And you know we have law enforcement that are very aware of what's going on. We've been very lucky to have an amazing board member named Lindsey who actually wrote the Senate bill for North Carolina and changed the laws for traffickers and buyers.  and what I say quote prostitutes unquote used to be very different. And she wrote this bill and it was passed in October of 2013. So now for one thing the penalties for the traffickers and the buyers is much higher, much worse than it used to be. Also the girls who are being trafficked and get busted for it are not immediately sent to jail. It used to be that if you got caught prostituting even if you were 16 or 17 years old they would incarcerate you for prostitution. What we have now is that the age has been extended to 18, which is obviously still too young to be incarcerated for prostitution if you're being trafficked. But it is progress. And also we have a deferred prosecution program where  if they're 18 or older and they do get arrested for prostitution they can go through our program. And if they complete it successfully then all of their charges are dropped and then we can help them. And that's another way we get a lot of these girls. But we're really lucky because the law enforcement, Lindsay and other people at A Safe Place, after this the Safe Harbor Act was passed, we were able to train over 4000 police officers and law enforcement officers in this county and other surrounding counties. So now they're really aware of the problem and instead of just throwing these girls in jail and giving the buyer a slap on the wrist or a warning and given the trafficker like a misdemeanor. You know, they're really taking it seriously, so we're very thankful for the law enforcement here and what they're doing with us.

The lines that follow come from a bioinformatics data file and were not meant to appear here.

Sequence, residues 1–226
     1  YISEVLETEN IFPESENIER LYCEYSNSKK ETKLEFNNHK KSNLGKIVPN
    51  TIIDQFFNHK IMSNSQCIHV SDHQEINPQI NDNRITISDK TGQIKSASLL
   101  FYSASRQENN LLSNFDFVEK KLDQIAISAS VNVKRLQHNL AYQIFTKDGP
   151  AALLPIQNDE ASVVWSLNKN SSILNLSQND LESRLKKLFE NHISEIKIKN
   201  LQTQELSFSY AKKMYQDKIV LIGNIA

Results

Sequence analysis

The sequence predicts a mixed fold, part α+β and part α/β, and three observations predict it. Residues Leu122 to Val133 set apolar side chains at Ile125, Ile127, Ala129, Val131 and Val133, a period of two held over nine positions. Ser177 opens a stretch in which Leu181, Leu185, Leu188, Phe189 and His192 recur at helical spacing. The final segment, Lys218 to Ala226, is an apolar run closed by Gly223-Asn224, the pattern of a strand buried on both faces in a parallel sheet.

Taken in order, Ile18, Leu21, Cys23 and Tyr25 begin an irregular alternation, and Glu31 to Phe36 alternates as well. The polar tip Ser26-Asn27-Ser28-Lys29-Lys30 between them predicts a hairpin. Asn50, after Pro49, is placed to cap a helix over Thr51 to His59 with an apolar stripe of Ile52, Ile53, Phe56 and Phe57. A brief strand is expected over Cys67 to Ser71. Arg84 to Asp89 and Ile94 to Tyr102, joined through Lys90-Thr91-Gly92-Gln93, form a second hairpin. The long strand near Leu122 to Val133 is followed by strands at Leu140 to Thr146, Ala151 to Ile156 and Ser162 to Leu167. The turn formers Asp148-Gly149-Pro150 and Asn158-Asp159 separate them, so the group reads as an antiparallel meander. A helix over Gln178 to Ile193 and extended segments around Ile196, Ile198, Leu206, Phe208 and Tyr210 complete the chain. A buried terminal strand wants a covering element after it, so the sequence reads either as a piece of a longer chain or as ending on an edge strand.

Gina: Let's talk about what all do you all do at A Safe Place.


Sena: So we originally wanted to have housing and counseling and things like that for these girls. And then once we got our first referral from the FBI back in 2012 and we opened our first safe house...she was a young mother. She had been trafficked since the age of 14 for three years and we realized that it was a much deeper problem than just having a house to stay that was safe, that no one knew where she was, getting some counseling and things like that...we realized that these girls are deeply traumatized and need housing but they also need life skills. They need help with getting jobs, applying for jobs, they need access to the internet. They need group counseling so they can get together with girls who've been through the same thing. So what we did was we decided, OK, well we need to do the housing thing but we definitely need to do an outreach center because we want them to have all of these different options and we can't have it all at the safe house because nobody can know where that is because it's a safe house. So basically what we do is we have a brand new safe house where we house up to three girls. There's only 100 beds in the entire country for victims of sex trafficking who've been rescued. So we've added three more to that. And we would love to expand over the next couple of years. So we have the housing. Then we also have our Outreach Center. And we have direct support services, so we have caseworkers who come in and work with the girls. You know some of these girl, because they were so young when they came into the business, they need help with getting an I.D., they need help with getting a GED or going back to school or filling out job applications things like that. And the caseworker will help them with all of those things. Some of them need government assistance. You know there's lots of different things that these girls need. So we have social workers that will help them through that.